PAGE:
That’s the tragedy of Faye-Gate. Lost woman hours.
Annoyance was plain in the letters columns from people who perceive in the objectors a kind of intransigent denial of the election result, which is an unfortunately two-dimensional take on the issue. In fact, I would have thought the election result was pretty satisfactory for supporters of Denise Roche, who polled significantly better than anyone else and seemed assured of some real influence and an opportunity to bring the skills they clearly believed she had to the job. Is there a clearer statement of what – or, indeed, who – the island wants than the numbers of votes cast for each candidate? That’s why so many islanders are walking around this week red with apoplexy and smoking from the ears. They feel personally aggrieved by the dismissing of their wants even before, it seemed, the starting gun had gone. Elections give a sense that we’re all playing the game nicely, but the rules suddenly changed and people feel tricked, powerless. On top of all that, the multitudinous supporters of the island’s most popular candidate are now being called extremists when, surely, in the context of this community that must make them the boring, old mainstream majority. I would have thought.
Once more to the news stands dear friends and let’s see what the print media have to offer us.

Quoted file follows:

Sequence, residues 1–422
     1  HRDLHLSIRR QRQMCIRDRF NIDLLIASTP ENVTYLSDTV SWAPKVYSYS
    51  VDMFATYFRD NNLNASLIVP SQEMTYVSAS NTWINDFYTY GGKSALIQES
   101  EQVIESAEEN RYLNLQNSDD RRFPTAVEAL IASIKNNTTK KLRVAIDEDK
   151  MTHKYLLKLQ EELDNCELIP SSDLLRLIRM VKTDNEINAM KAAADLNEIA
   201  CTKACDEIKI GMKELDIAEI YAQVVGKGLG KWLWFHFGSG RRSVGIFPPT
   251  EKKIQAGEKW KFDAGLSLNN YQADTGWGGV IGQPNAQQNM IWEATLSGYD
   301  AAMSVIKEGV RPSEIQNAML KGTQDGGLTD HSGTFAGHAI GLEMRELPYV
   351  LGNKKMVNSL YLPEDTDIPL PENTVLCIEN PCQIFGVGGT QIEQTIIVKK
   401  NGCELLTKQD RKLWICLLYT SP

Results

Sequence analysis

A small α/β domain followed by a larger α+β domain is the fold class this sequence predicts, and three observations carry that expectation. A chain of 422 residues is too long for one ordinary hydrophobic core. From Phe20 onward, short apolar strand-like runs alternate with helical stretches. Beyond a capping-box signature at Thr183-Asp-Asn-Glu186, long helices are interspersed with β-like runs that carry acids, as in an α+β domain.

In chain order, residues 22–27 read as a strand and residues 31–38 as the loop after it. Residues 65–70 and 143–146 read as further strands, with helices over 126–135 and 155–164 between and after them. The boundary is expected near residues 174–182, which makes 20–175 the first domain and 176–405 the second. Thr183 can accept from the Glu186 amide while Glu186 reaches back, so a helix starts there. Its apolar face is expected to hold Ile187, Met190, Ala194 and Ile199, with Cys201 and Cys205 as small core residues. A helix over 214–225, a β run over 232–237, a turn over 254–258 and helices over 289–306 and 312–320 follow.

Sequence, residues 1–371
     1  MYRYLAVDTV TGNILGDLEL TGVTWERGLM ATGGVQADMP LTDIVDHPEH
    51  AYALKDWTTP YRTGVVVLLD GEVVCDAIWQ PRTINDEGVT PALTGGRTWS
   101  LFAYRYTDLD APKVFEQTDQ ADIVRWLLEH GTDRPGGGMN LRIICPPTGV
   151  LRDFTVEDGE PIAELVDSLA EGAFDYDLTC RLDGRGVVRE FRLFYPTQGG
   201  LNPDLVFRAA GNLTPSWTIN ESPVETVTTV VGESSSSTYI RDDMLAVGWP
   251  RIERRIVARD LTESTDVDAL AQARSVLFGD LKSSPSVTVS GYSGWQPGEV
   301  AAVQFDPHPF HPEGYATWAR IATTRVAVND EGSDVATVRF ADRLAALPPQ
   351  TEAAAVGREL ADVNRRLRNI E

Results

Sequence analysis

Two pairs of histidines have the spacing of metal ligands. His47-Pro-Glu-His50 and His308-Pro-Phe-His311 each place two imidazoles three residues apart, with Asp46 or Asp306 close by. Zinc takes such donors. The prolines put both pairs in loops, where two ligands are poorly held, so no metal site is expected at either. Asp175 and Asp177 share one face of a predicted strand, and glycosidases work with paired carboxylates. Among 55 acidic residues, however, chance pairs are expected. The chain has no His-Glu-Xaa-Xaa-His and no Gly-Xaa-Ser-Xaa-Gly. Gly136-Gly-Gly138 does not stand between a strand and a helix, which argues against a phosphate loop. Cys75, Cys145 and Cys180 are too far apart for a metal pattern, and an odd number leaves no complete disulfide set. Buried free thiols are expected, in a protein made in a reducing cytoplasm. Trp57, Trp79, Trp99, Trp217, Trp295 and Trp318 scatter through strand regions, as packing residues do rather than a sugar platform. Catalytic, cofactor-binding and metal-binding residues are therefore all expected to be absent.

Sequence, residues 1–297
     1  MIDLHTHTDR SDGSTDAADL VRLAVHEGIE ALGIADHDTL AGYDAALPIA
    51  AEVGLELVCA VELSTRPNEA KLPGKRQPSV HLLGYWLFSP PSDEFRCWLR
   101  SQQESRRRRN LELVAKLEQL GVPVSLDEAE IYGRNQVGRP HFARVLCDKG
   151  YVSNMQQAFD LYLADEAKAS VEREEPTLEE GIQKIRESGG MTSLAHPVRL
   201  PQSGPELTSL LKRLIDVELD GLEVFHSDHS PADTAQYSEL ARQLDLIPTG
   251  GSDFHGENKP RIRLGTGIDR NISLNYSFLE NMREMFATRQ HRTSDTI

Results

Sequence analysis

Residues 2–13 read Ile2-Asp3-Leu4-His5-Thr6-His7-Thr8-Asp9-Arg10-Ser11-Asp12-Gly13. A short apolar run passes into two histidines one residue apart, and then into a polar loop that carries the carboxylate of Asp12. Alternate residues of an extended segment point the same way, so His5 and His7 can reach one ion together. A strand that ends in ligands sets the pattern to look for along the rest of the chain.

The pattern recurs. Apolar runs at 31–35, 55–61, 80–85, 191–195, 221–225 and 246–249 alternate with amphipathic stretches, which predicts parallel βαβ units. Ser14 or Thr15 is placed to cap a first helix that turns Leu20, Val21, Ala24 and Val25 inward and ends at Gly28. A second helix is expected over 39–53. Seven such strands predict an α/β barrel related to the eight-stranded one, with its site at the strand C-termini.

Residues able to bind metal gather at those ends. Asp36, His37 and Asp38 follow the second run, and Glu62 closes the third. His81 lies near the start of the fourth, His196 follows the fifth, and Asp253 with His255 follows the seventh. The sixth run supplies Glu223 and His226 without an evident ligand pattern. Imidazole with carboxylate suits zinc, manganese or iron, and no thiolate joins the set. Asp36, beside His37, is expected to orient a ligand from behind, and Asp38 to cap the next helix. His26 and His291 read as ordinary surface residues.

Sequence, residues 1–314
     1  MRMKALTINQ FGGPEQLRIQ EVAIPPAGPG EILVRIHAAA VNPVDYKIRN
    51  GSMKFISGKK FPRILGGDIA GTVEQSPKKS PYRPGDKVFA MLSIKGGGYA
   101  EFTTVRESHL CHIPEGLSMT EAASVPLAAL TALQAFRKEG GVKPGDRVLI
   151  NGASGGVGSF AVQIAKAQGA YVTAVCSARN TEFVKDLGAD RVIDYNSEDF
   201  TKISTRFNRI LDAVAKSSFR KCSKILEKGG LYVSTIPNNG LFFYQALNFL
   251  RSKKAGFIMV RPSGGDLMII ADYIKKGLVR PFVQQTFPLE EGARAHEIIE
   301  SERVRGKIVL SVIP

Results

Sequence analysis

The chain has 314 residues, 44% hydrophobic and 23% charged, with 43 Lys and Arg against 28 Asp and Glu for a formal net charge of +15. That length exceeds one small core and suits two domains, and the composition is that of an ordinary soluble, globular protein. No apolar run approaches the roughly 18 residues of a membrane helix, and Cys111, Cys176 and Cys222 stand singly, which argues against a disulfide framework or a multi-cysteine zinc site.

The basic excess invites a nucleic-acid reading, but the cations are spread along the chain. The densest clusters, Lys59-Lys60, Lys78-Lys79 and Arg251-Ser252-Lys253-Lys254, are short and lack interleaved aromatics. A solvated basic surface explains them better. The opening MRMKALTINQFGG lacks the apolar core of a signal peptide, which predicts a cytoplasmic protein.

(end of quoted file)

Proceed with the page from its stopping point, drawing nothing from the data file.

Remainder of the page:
Last week’s ‘Fairfax’ seemed oddly out of step with the times, with no coverage in their news pages on the whole messy business and only the letters page to show that anything was amiss. Sultry editrix George Gardner was heard to observe that it being a long weekend, news ‘stopped happening’. An interesting take on solipsism if ever I heard one and we really need a philosophy expert to sort that one out for us. Answers on a postcard please.
But this week the story gets a full page of coverage with two stories, one laying out the basic stuff and another focusing on Mike Lee’s call for everyone to behave on Saturday. The tone is brisk and we shouldn’t be too surprised to find it somewhat dismissive of the concerns of many locals regarding the Gang of Four.
Onward we go to the extensive letters page where, after four letters on assorted other matters we come to the Faye-Gate correspondence. Here at last we get to hear from those who support the new board as it stands. Leaving aside letters from actual board members we have a grand total of seven letters voicing support, four of outrage and one that doesn’t really go either way.